Update: The original version of this post said that many CFA members do not live in DC, but it is even more descriptive to point out that they don't live in the Washington region at all. We have changed this to better reflect Wells' original intent. Intro paragraphs are often significantly reworked in the editing process for clarity, length, and to get main points up top, including in this case, so any blame for this phrase should go to the editors and not Wells.

Public Spaces


NoMa BID gets green cash for green space

DC will spend some green to get some green in NoMa. Mayor Gray recently authorized $50 million for new parks in the fast-growing neighborhood.


Photo by Cristina Bejarano on Flickr.

Mayor Vincent Gray recently signed a measure to let the NoMa Business Improvement District (BID) spend $50 million in parks and public realm funds for the neighborhood.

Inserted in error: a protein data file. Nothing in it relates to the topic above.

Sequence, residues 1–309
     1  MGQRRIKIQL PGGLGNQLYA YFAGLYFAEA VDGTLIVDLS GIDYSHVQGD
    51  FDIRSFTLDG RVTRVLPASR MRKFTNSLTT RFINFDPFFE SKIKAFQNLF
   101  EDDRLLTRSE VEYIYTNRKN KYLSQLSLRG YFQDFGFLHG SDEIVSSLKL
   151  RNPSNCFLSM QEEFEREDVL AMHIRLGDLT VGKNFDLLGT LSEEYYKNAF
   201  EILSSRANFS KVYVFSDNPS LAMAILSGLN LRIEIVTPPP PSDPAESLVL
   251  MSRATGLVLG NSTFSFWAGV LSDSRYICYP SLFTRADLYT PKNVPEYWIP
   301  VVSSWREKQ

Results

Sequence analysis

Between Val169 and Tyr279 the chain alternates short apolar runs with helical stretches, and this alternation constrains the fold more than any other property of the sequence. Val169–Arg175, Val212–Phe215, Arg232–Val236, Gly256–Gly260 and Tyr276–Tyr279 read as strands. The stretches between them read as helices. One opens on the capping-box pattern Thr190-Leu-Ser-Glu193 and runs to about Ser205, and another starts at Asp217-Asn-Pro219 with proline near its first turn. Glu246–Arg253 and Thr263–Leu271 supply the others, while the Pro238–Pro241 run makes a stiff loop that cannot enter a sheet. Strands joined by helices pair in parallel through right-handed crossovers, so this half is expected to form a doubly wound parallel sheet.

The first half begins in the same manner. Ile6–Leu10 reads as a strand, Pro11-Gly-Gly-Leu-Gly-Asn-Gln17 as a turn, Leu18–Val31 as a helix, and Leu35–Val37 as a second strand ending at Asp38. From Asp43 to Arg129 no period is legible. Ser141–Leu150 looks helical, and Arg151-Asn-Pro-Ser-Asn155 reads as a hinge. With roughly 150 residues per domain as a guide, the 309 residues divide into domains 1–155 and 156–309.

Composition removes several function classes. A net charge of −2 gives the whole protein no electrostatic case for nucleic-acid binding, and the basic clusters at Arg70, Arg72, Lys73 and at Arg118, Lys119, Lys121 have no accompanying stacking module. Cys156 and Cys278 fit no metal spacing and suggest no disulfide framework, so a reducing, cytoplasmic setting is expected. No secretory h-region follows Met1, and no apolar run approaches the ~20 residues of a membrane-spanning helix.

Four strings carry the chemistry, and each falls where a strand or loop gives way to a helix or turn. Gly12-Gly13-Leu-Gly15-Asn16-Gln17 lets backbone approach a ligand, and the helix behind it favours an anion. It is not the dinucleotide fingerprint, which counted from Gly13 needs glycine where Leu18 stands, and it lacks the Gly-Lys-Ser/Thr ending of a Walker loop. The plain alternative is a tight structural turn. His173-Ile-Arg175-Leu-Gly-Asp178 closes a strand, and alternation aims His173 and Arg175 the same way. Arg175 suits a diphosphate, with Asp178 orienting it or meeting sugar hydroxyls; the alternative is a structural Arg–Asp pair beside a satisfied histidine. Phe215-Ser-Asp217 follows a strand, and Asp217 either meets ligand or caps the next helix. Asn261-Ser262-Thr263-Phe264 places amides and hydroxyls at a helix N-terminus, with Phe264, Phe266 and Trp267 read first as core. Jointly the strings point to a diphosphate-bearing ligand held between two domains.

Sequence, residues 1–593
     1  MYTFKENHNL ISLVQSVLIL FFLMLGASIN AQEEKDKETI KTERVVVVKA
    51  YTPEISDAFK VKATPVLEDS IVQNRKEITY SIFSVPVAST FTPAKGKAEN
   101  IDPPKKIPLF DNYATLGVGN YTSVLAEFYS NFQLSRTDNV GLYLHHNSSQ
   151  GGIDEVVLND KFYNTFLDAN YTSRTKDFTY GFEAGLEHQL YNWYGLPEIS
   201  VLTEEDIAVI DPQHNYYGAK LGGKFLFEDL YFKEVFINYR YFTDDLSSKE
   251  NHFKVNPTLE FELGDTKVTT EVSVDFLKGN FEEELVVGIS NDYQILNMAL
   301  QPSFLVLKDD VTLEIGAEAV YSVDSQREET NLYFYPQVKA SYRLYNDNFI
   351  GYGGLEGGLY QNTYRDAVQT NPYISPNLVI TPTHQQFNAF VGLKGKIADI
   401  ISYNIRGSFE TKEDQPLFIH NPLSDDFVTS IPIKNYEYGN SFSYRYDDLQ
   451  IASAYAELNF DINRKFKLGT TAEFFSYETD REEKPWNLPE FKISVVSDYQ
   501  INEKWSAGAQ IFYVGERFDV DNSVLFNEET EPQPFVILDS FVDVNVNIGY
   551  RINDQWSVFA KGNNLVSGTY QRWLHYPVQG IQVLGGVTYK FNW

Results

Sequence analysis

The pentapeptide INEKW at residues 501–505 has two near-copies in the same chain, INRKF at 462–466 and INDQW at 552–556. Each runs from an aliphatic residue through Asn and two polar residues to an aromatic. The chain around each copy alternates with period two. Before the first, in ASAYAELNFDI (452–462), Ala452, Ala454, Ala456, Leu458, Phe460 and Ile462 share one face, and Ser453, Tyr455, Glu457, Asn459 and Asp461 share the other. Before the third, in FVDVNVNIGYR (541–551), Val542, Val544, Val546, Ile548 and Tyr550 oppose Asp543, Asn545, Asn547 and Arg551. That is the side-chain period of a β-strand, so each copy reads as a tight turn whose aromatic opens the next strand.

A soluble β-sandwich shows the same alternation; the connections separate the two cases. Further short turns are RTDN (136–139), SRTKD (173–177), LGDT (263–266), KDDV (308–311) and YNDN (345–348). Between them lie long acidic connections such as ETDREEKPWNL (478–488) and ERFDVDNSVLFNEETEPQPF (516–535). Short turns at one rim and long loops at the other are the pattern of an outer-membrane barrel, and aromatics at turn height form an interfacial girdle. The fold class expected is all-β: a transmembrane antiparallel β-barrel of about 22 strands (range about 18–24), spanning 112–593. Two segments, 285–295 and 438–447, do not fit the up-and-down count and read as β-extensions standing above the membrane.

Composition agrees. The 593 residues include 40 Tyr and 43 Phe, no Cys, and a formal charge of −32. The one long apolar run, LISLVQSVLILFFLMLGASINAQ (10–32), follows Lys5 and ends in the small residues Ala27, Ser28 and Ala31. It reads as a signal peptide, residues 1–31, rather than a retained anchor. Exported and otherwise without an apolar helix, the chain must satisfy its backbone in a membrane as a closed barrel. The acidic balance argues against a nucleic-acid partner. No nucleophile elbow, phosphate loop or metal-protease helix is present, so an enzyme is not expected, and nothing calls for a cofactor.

The first of the parks is planned for the underpasses under the tracks approaching Union Station, on Florida Avenue and K, L, and M Streets NE. The NoMa Parks Foundation is evaluating at least four more sites for future green space in the area.

Green space is sorely needed in NoMa. Aside from the Metropolitan Branch Trail (MBT), the only available park lands are privately-owned lots that are sometimes available for popular neighborhood events.

For example, the NoMa Summer Screen outdoor movie screenings attracted up to 1,200 people per viewing in 2013. However, the screenings happen on an undeveloped lot on 2nd Street between K and L NE. Toll Brothers City Living owns the lot, and plans a mixed-use development there in the future.

Since there's no public land available for parks in the neighborhood, Mayor Gray's budget includes $25 million to buy land, and another $25 million for physical park construction.